1. Plan on staying awhile
The real estate market may be seeing small signs of improvement, but it’s nowhere near as healthy as it was pre-recession. (Want proof? Just take a look at mortgage rates, which keep hitting new record lows practically every month!) As a result, the days of buying a home, living in it for a few years, and selling it without losing money are over — at least for now.
In fact, the Fed says it plans to keep mortgage rates low until at least 2015. That means they believe the housing market still won’t be as healthy as it should be a few years down the road. Bottom line — if you’re going to go through the expense and the work of buying a home, you need to be prepared to hang onto it for awhile.
2. Get pre-approved
When you fall in love with a house, you’re going to want to put in a serious offer. The only way to do that is to have a lender in your pocket and an amount that you’ve already been approved for. The last thing you want to do is have your heart set on a $200,000 house and then learn that you can only qualify for a $150,000 mortgage!
3. Study all of your mortgage options carefully
We’re definitely in a buyers’ market, so you might as well take full advantage of it! Banks are chomping at the bit to get quality borrowers through the doors, so they may offer you all kinds of incentives to sign on the dotted line with them.
The key, though, is to go over all of your options with a fine-toothed comb. That’s the only way you’re going to make the right decision. After all, you’ll be committing to a loan that lasts for 15 or 30 years! You need to make sure it’s the right one.
One big thing you’ll need to determine is if you can afford to pay points. In some cases, the savings you’ll get on your mortgage rate can be worth it. In other cases, it’s more cost-effective to go with a no-point loan — even if it means paying a slightly higher rate. Only you (and your mortgage calculator!) will be able to determine if points are right for you.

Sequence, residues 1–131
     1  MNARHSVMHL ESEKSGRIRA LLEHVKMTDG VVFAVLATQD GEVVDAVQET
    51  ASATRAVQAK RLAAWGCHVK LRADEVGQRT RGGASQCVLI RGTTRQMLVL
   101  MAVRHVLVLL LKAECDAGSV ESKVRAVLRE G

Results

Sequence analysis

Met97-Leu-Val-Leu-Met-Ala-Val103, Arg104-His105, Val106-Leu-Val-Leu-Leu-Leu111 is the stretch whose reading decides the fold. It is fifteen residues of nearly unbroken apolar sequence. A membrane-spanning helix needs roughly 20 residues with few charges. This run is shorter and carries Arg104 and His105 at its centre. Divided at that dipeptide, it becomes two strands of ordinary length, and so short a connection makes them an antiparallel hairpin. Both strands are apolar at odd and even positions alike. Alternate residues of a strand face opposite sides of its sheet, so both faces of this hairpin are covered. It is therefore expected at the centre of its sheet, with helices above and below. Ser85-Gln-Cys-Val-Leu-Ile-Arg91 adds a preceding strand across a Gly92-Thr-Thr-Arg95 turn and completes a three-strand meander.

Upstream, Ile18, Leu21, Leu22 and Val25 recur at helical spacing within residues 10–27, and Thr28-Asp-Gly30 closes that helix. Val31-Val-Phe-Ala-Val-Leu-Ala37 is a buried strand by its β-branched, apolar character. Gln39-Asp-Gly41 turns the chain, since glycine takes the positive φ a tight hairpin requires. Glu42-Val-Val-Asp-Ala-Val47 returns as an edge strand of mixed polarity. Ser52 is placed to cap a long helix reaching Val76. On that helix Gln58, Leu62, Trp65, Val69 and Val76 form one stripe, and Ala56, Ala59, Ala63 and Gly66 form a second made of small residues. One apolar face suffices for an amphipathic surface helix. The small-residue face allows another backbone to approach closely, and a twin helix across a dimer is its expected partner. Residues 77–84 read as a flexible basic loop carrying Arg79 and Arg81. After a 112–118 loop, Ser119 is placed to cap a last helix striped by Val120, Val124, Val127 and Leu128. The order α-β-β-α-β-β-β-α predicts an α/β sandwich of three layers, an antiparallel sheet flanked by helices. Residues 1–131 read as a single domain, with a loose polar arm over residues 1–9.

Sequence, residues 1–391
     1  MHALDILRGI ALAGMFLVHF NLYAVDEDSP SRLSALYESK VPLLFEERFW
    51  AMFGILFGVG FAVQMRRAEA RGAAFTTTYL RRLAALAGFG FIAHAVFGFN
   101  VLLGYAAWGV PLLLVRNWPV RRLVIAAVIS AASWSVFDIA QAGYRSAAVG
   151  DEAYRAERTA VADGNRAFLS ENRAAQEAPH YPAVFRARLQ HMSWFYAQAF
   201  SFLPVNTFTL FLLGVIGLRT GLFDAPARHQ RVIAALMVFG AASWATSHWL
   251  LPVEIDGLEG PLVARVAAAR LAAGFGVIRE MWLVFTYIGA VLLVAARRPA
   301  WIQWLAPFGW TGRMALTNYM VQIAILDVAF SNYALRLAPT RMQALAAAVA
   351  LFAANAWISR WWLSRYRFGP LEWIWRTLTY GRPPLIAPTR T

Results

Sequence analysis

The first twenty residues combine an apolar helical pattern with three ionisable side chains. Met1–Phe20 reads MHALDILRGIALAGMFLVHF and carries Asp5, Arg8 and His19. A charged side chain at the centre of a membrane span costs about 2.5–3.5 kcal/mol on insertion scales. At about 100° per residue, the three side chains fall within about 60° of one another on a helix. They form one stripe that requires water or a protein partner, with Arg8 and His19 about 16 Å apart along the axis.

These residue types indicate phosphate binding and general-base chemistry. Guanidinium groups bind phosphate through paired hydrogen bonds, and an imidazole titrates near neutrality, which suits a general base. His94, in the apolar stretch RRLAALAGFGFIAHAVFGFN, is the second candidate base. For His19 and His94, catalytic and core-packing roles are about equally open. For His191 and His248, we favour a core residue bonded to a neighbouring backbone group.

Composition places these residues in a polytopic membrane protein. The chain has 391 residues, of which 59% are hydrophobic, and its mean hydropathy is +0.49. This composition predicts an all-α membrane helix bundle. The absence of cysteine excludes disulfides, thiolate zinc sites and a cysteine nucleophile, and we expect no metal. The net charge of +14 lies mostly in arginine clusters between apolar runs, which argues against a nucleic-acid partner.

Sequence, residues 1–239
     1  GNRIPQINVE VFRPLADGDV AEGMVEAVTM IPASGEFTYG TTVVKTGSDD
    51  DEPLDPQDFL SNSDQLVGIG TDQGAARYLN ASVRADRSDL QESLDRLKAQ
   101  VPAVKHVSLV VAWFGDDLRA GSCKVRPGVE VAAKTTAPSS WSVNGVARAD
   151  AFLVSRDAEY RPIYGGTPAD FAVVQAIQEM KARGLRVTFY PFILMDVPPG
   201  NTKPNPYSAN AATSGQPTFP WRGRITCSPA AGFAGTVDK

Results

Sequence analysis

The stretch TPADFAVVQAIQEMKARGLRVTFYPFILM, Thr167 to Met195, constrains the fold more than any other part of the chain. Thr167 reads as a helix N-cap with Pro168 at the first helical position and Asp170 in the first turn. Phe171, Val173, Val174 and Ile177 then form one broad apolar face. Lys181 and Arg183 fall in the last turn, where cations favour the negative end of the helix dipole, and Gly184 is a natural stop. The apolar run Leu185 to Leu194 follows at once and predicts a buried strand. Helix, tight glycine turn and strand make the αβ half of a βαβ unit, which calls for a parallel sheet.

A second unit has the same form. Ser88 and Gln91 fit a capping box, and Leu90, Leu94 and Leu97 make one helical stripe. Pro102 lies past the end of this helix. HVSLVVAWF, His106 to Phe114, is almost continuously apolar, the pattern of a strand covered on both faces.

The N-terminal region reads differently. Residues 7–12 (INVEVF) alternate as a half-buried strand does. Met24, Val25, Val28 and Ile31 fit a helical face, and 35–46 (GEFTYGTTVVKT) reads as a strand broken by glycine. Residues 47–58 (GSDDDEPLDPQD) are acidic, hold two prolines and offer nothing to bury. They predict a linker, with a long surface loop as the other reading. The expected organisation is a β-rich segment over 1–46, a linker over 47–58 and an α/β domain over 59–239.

4. Aim for a bigger down payment
In the down payment world, the number 20 is huge — as in 20%. If you can afford to put down 20%, you won’t have to worry about paying private mortgage insurance (something that can cost you around $100 a month, on top of your mortgage payment!). Plus, making a bigger down payment means you’ll be able to get a smaller loan — which means it will be easier to get approved for.
If you absolutely-positively-cannot afford a 20% down payment, you’re not completely out of luck. There are mortgage options out there that allow for smaller down payments. Just bear in mind that you may have to deal with additional expenses and red tape.
5. Get your own inspector
Your lender will have the house appraised before it officially lets you buy it. However, appraisals only determine the value of the property. If you want to know what’s really going on inside the home, you’ll need an inspector. He can tell you if certain things need to be repaired, if certain things violate local codes, and if certain things look like they’re going to break sooner rather than later. That way, you’ll have a good idea of how much money you’ll have to sink into this home if you buy it. Some houses are simply more work than they’re worth!
Written by James Paffrath, owner of property portal Realtyypin.com